Tangent on Sexual Minorities: Gay marriage trends worldwide, and how Japan’s Douseiaisha do it: Donald Keene’s marriage by Koseki adoption

Economist: On April 17th New Zealand became the 12th country to legalise gay marriage, though the law will not come into effect until August. Uruguay, too, has passed a similar bill that awaits the signature of the president before it becomes law. And in late March the American Supreme Court began hearing arguments in a case on the constitutionality of the Defence of Marriage Act, which restricts marriage to a man and a woman. In all these countries—and indeed in much of the West—opinion polls show public support for same-sex marriages.

Debito.org applauds this trend of legalizing gay marriage. Meanwhile Japan, as you can see above, to its credit has no law criminalizing homosexuality. It, however, does not permit gay marriages due to the vagaries of the Family Registry (Koseki) System. In short, only a wife and a husband by gender can create a married family unit. But as has been pointed out here on Debito.org before, people find ways to get around this. Gay couples, in order to pass on inheritance rights, adopt each other into the same family unit on the Koseki. The problem is for international couples that non-citizens cannot be listed on a Koseki as husband or wife.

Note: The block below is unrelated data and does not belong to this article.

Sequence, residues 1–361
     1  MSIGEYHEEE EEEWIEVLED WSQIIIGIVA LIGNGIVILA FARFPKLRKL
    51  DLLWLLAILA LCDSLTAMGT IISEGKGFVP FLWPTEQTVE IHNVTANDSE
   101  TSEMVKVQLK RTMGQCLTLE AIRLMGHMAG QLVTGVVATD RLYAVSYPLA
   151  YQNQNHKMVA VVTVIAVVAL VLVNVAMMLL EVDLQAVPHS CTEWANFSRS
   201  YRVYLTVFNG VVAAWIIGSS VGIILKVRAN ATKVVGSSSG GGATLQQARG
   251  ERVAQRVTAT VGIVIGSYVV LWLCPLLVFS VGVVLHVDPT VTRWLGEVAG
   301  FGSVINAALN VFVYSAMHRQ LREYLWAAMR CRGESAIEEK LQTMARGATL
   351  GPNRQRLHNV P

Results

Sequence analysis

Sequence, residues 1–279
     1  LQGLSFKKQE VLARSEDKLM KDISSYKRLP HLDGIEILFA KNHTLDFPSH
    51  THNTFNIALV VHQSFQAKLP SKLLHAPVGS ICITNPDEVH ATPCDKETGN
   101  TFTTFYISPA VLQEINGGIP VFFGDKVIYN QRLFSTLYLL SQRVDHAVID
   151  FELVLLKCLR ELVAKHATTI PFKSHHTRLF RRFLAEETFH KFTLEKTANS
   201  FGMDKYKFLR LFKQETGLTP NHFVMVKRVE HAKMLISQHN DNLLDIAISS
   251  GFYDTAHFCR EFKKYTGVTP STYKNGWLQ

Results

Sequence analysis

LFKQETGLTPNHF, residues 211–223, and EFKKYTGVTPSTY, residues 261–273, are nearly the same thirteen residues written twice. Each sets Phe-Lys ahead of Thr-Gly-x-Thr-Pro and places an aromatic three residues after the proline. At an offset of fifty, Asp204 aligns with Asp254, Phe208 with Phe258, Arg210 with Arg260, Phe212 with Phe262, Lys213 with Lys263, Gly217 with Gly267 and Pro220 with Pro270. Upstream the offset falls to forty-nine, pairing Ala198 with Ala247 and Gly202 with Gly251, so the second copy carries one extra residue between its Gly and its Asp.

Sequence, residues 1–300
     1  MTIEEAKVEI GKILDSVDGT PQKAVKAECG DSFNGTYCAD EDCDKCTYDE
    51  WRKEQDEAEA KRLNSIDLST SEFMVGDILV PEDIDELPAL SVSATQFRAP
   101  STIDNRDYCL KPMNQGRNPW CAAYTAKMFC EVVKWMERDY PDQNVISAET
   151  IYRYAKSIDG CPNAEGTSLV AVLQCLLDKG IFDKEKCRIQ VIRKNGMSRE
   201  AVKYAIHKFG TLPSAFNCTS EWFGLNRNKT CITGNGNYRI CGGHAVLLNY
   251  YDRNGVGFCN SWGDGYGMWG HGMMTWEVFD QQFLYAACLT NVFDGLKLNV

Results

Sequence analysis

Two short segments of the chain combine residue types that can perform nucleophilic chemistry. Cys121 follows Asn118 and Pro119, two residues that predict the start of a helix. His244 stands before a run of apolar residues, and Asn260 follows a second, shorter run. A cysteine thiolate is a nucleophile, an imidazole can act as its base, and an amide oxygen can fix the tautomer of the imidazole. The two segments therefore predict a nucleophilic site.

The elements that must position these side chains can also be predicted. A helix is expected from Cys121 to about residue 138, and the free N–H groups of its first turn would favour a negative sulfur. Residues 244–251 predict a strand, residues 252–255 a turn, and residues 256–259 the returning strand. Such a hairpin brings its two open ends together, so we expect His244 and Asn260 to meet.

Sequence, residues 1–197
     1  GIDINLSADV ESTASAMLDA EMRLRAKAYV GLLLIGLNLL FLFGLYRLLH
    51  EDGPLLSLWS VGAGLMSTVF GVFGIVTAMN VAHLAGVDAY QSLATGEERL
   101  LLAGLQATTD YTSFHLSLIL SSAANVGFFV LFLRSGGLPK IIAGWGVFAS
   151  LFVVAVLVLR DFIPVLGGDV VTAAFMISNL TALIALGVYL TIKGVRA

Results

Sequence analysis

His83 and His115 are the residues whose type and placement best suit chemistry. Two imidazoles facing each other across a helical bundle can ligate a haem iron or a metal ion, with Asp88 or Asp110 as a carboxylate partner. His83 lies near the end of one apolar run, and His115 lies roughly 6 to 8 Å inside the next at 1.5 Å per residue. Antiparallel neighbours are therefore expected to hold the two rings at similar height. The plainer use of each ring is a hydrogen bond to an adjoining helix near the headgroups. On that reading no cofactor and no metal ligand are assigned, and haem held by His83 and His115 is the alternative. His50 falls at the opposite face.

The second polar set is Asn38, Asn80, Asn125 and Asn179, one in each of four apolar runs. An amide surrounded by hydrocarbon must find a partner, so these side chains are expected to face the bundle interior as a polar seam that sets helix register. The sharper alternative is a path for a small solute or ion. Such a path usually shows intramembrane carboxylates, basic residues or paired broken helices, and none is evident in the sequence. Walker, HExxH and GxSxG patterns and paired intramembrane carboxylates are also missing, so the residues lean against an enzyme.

So here is how LGBT foreigners can get around it: Naturalize and adopt. As Debito.org previously suggested might be the case, famous naturalized Japanese Donald Keene has done it, and recently gone public about it. Congratulations. He provides the template: Gay NJ who wish to marry Japanese and get the same inheritance rights should naturalize and adopt one another. Or else, barring naturalization, go overseas to a society more enlightened about Same-Sex Marriage and get married.